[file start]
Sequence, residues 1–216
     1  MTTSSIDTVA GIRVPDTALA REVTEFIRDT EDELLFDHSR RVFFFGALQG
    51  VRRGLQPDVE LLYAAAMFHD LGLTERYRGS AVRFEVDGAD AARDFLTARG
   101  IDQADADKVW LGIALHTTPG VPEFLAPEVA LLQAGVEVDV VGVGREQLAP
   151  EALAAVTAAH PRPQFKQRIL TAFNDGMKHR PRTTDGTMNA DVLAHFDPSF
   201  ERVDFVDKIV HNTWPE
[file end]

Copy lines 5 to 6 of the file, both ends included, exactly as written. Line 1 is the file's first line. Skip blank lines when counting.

   151  EALAAVTAAH PRPQFKQRIL TAFNDGMKHR PRTTDGTMNA DVLAHFDPSF
   201  ERVDFVDKIV HNTWPE